This guide describes how to move GRUB and
/boot to another disk in order to boot the existing system from it.
It is for legacy BIOS (non UEFI) systems and Debian based Linux distributions, though the overall steps should be fairly similar.
I have an old HP Microserver Gen 8 used as backup server. Additionally, to the 4 disks in the main drive bay I have added an SSD as boot and system drive in the ODD slot. The problem with this old hardware, and its BIOS is that in order to boot from the additional SSD, the RAID controller needs to be used as the BIOS cannot detect the SSD in SATA AHCI mode.
This means that I needed to configure RAID 0's for all the drives in the machine in order to have them exposed as single drives to the OS to use them for the ZFS pool holding all the data. This is of course not the best idea as the RAID controller adds another level of complexity and abstraction and hides the disks from the OS to a certain degree (e.g. SMART data).
In order to finally switch over to SATA AHCI mode I needed another way to boot the system. Luckily, one can place an SD card or USB flash drive in the server which will be available as another disk and the BIOS can boot from it.
Using the SD card only as
/boot should keep writes to it to a minimum and thus a short lifetime due to wearout should be no issue.
Start by booting from a live CD.
lsblk you can determine which disks are present.
In my example, the main OS disk is
sda and the other disk (SD card) from which I want to boot is
Another way to determine which disk is which is using the output of
ls -l /dev/disk/by-id.
This will print certain values of each disk such as make, model and serial number and which
sdX it is.
In the case of the SD card in the HP Microserver it showed up as
usb-HP_iLO_Internal_SD-CARD_000002660A01-0:0 -> ../../sdb
Create partition and file system
Once we determined which disk we want to use to boot from in the future, we need to partition it with
Consider the size of the new boot partition. I did set it quite large here at about 5 GiB.
We need to set the
boot flag for the partition so older BIOS' will consider booting from it.
This was definitely necessary for my Microserver.
parted /dev/sdb (parted) mklabel msdos (parted) mkpart primary ext4 2048s 5G (parted) set 1 boot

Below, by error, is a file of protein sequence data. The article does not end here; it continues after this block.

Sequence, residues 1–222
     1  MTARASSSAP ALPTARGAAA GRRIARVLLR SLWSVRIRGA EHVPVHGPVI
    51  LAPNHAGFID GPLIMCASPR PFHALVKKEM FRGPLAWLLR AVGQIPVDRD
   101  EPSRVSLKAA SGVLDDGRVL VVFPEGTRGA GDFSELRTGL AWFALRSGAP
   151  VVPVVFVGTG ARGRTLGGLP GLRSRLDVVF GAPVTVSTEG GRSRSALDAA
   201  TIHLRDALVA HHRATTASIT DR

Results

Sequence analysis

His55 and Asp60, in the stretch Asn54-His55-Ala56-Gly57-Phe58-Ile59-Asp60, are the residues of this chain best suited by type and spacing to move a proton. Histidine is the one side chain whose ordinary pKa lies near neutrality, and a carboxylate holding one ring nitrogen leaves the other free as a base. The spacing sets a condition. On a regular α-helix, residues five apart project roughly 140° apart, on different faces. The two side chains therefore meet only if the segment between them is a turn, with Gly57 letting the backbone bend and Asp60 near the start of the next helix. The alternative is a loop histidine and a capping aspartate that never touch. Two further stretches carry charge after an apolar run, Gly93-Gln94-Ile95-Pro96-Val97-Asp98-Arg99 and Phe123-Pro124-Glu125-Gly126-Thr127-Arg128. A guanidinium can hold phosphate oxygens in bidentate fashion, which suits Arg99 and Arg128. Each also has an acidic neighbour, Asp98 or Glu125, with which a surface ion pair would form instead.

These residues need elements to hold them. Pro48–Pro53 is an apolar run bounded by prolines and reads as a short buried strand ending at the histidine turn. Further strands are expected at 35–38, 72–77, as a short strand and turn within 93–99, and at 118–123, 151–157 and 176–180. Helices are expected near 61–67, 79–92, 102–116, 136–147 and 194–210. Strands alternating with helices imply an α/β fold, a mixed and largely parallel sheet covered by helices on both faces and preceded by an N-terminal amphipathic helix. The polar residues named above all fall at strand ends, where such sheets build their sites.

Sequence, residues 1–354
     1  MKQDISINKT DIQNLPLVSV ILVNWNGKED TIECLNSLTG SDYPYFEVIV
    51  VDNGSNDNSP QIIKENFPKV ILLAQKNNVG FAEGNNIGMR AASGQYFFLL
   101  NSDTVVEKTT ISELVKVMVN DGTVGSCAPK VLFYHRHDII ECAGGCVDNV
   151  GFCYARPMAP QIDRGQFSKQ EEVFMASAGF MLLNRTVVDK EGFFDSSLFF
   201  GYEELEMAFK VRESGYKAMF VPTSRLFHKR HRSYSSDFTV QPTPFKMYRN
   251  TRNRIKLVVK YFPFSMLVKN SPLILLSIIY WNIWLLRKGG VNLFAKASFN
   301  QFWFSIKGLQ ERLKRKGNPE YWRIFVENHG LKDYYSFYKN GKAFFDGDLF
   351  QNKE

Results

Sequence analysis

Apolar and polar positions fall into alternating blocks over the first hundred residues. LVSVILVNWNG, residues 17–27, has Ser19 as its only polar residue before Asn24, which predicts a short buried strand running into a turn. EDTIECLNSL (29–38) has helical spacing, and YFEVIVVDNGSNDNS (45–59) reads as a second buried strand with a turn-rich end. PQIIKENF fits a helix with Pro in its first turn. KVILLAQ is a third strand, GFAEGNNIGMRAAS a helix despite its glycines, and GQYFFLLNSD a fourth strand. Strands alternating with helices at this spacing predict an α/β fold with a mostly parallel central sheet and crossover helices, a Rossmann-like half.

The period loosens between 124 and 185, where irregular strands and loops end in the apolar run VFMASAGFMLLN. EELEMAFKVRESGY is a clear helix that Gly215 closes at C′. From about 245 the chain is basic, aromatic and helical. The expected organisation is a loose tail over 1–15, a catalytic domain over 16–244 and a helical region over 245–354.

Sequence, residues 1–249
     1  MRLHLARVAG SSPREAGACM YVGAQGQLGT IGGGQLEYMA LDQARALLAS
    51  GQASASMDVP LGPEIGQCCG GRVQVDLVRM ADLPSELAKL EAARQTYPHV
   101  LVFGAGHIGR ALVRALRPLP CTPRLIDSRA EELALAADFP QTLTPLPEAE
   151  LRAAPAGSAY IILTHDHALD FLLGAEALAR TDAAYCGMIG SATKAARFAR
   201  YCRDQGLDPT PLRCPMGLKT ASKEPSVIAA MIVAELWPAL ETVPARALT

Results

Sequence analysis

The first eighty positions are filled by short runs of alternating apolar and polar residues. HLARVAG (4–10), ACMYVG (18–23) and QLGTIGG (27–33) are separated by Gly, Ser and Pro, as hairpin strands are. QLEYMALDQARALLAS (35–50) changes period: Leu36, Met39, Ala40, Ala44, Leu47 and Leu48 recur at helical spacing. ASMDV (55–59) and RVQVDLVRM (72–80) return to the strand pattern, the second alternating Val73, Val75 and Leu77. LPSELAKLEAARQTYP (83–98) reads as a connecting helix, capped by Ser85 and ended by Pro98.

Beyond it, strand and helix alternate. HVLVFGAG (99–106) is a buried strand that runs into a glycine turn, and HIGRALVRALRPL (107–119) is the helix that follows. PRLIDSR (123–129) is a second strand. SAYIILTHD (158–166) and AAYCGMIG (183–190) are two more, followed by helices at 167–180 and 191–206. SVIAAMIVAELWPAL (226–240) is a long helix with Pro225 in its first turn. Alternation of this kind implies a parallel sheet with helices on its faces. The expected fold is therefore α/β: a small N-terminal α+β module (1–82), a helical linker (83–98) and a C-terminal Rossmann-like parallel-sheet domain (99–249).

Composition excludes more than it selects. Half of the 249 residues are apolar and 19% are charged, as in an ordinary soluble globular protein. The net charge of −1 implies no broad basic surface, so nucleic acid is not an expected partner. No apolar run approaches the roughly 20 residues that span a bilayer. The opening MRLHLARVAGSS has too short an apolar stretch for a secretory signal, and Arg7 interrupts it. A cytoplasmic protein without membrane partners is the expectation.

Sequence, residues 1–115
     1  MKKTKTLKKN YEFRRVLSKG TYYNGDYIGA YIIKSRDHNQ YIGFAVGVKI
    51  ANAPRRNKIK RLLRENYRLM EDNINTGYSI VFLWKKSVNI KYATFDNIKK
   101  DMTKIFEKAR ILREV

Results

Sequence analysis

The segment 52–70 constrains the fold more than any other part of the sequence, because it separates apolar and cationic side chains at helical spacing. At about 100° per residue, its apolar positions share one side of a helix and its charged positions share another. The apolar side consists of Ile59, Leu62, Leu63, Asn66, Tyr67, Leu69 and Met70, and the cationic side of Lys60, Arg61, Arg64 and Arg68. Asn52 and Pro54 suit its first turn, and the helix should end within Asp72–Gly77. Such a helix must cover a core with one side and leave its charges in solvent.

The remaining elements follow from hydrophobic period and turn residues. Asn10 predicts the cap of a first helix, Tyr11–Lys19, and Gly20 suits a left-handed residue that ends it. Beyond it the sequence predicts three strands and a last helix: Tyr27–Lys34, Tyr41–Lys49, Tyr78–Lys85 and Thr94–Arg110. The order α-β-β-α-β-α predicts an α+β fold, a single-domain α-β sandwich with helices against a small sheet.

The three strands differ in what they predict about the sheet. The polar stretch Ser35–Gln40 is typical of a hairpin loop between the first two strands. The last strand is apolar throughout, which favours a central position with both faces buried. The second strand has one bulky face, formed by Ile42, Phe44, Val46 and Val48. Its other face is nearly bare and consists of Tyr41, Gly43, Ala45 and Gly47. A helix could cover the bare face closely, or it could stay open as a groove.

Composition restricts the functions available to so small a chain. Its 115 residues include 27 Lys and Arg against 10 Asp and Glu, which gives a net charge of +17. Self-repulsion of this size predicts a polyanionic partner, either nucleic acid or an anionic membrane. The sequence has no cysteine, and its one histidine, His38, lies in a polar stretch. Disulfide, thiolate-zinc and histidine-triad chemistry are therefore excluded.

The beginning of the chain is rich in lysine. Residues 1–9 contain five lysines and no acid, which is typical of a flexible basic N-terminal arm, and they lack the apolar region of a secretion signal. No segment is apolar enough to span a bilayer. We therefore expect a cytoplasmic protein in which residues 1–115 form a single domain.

Next we need to format the partition with a file system.
Chroot into OS
After this we need to
chroot into the installed OS from our live CD.
First we need to mount the system disk and bind mount the
proc directory to it.
mount /dev/sda1 /mnt mount --bind /sys/ /mnt/sys/ mount --bind /proc/ /mnt/proc/ mount --bind /dev/ /mnt/dev/
Now we can
chroot into the installed OS by running
/boot usually should be just a directory on the installed OS' root file system.
Let's change to the root of the installed OS.
First we rename the directory to have it on the side.
mv /boot /boot_old
Next we create an empty directory of the same name.
After this we need to add an entry to the
/etc/fstab file so that the new boot partition will be mounted automatically.
Edit it with your editor of choice, the line should look like this:
UUID=712371b3-b4de-49ab-aaed-2a7097630b3a /boot ext4 errors=remount-ro 0 1
By using the UUID of the partition we can make sure that the partition will be mounted even if the
sdX naming might be changing.
To find out the UUID run
ls -l /dev/disk/by-uuid.
You will see which UUID points to your partition, in my case
mount -a we can test if the entry in
/etc/fstab works correctly.
mount should now show a line like the following:
/dev/sdb1 on /boot type ext4 (rw,relatime,errors=remount-ro)
Finally, for this step, we need to copy over the contents of the old
/boot directory to the new one.
cp -r /boot_old/* /boot
To install GRUB in the MBR of the new disk run the following command:
At last, we need to run the following command:
This should be it. Shutdown the running live CD and change the boot order in the machine's BIOS. If you do this on an HP Microserver Gen 8, you should now change from the RAID controller to the SATA AHCI setting and change the boot order to USB.
On the next boot, the machine should load GRUB and the kernel image from the new disk.
If you want to achieve something similar with an UEFI booting system, it should be enough to move the EFI partition to the new disk and use
efibootmgr to create or update the boot entry on the motherboard.